Completed projects are listed below. A list of active projects is also available.
An Extensive Evaluation of the Internet’s Open Proxies
This project (in collaboration with Northeastern University) conducts a comprehensive study of open proxies, encompassing more than 107,000 listed open proxies and 13M proxy requests over a 50 day period.
We provide a broad study that examines the availability, success rates, diversity, and also (mis)behavior of proxies. Our results show that listed open proxies suffer poor availability — more than 92% of open proxies that appear on aggregator sites are unresponsive to proxy requests. Much more troubling, we find numerous examples of malicious open proxies in which HTML content is manipulated to mine cryptocurrency (that is, cryptojacking). We additionally detect TLS man-in-the-middle (MitM) attacks, and discover numerous instances in which binaries fetched through proxies were modified to include remote access trojans and other forms of malware. As a point of comparison, we conduct and discuss a similar measurement study of the behavior of Tor exit relays. We find no instances in which Tor relays performed TLS MitM or manipulated content, suggesting that Tor offers a far more reliable and safe form of proxied communication.
A large volume of existing research attempts to understand who uses Tor and how the network is used (and misused). However, conducting measurements on the live Tor network, if done improperly, can endanger the security and anonymity of the millions of users who depend on the network to enhance their online privacy. Indeed, several existing measurement studies of Tor have been heavily criticized for unsafe research practices.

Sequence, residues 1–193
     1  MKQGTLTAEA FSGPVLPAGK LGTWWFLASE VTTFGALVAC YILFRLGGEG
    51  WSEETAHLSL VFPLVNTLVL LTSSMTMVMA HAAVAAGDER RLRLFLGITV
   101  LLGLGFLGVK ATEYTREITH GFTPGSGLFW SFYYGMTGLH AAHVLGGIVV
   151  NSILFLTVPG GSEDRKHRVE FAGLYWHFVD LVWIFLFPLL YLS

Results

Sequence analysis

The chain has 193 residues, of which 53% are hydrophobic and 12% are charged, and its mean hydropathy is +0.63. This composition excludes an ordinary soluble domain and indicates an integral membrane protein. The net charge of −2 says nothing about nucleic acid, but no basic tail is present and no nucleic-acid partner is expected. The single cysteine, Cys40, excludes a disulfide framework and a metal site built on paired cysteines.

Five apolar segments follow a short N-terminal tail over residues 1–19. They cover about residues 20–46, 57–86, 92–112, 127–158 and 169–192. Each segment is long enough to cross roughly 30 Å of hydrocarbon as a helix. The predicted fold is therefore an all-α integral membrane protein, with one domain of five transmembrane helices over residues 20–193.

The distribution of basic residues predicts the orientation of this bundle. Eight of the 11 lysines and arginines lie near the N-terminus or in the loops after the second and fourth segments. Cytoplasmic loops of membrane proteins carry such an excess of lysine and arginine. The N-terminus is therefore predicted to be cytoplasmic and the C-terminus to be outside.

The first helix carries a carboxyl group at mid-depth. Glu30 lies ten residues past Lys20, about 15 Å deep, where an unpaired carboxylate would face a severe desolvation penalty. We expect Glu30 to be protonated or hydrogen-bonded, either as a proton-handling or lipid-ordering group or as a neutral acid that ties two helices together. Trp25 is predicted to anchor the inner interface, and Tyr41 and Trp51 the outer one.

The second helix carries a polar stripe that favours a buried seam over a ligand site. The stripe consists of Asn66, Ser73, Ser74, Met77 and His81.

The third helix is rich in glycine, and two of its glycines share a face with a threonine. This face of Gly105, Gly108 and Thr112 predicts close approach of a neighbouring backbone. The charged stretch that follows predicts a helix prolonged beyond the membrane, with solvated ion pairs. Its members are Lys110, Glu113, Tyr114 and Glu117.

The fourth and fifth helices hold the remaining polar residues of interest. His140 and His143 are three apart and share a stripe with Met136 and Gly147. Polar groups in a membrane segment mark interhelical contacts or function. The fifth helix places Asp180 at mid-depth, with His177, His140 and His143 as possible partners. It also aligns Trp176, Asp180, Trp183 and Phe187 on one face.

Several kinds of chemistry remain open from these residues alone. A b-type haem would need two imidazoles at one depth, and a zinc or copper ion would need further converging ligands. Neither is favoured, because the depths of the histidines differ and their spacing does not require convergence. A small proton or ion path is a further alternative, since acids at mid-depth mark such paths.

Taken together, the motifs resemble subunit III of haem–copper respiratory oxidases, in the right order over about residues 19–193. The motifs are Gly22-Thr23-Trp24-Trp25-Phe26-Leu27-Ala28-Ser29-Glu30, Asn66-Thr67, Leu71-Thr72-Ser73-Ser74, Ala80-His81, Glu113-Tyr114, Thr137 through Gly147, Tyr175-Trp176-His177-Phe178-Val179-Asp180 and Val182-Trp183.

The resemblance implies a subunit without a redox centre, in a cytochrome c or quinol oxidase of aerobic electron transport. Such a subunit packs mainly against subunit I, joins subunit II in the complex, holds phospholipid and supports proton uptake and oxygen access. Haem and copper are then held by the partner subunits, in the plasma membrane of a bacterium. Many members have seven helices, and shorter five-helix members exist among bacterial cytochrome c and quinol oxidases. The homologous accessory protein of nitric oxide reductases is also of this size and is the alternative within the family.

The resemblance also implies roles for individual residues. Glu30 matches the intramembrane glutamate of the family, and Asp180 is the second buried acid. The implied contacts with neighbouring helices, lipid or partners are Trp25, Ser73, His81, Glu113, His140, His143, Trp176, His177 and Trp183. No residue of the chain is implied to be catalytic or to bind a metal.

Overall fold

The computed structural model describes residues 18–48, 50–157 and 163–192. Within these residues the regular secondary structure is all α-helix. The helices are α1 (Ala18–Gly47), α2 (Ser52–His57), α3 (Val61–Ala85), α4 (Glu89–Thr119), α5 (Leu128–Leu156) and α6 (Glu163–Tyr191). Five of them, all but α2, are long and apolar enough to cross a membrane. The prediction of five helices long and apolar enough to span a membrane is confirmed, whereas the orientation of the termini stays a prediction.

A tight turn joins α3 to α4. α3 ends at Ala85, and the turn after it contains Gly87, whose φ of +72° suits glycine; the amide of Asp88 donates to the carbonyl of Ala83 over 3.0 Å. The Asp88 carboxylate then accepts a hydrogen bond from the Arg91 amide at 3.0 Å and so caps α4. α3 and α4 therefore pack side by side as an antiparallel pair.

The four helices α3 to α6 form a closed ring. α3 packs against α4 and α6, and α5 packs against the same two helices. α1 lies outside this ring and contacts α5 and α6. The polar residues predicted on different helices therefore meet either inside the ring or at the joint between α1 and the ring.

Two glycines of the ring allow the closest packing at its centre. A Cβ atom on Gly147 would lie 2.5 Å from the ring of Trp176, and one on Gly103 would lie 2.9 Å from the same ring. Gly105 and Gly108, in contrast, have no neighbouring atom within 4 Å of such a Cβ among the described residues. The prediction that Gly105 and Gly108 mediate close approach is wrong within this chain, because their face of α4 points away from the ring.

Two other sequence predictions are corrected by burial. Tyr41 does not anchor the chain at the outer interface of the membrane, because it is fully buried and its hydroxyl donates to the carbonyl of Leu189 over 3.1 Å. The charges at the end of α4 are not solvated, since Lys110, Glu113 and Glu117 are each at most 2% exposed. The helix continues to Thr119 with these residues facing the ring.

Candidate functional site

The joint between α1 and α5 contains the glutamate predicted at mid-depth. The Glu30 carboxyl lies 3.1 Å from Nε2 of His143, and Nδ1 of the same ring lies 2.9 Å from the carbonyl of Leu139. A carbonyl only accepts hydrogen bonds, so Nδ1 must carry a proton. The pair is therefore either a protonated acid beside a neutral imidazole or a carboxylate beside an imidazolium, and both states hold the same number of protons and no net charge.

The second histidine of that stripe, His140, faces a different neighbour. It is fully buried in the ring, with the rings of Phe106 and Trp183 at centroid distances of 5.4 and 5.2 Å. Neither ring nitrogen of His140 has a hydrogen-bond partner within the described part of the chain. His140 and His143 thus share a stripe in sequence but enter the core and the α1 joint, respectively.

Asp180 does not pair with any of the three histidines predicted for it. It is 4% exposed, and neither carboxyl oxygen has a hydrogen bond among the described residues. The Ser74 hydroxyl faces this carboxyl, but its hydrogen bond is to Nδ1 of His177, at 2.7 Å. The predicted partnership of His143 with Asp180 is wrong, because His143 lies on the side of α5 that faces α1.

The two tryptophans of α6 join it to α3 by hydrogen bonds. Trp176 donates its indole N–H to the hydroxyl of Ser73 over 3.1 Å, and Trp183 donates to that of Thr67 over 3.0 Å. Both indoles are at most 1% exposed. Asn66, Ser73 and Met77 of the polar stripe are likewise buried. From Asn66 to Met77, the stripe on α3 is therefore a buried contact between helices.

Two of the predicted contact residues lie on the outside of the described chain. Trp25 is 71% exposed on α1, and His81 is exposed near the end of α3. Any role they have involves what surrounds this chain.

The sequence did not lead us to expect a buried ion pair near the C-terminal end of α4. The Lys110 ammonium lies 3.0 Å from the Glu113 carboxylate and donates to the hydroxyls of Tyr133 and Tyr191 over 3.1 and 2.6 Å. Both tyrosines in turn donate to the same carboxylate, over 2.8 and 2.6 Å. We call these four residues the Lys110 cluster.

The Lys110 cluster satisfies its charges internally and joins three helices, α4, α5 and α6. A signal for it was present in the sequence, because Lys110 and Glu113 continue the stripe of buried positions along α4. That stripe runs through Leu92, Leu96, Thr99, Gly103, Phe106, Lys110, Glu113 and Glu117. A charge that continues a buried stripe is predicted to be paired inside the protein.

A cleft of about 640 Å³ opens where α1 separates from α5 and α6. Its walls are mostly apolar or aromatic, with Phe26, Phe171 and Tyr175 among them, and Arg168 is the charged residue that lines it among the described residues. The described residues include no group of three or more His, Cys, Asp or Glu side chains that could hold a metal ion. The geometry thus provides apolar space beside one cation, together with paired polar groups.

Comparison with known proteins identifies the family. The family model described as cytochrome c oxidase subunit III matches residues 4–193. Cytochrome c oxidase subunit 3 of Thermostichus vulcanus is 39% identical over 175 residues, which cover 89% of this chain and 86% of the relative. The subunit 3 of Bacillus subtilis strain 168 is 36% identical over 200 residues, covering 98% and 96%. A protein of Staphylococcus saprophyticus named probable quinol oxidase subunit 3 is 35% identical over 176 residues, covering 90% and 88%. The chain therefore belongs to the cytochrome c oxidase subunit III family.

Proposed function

Tor needs privacy-preserving methods of gathering statistics. The recently proposed PrivEx system demonstrates how data can be safely collected on Tor using techniques from differential privacy. However, the integrity of the statistics reported by PrivEx is brittle under realistic deployment conditions. An adversary who operates even a single relay in the volunteer-operated anonymity network can arbitrarily influence the result of PrivEx queries. We argue that a safe and useful data collection mechanism must provide both privacy and integrity protections.
HisTorɛ is a privacy-preserving statistics collection scheme based on (ɛ,𝛿)-differential privacy that is robust against adversarial manipulation. We formalize the security guarantees of HisTorɛ and show using historical data from the Tor Project that HisTorɛ provides useful data collection and reporting with low bandwidth and processing overheads.
HoneyMail and HoneyProxy
HoneyMail is a measurement study of email interception. Since the content (and metadata) of intercepted emails can be trivially read, convention wisdom tells us that confidential information should never be sent via unencrypted emails. The project explores whether such advice is actually prudent. That is, we aim to answer the question how often are emails actually intercepted on the Internet?
To determine the regularity of which interception occurs, we transmit (false) emails whose content is attractive to potential eavesdroppers, but are sent only between our own email accounts. In particular, our fake emails will contain URLs that purportedly contain sensitive information about mortgages, bank accounts, passwords, and shared files. The emails are sent between geographically distributed email servers located through the globe, with embedded URLs that resolve to web servers under our control. Since the emails are sent only between our email servers and are addressed to fictitious email accounts, any visit to one of the embedded URLs must be due to the (illegal) interception of our email. More info…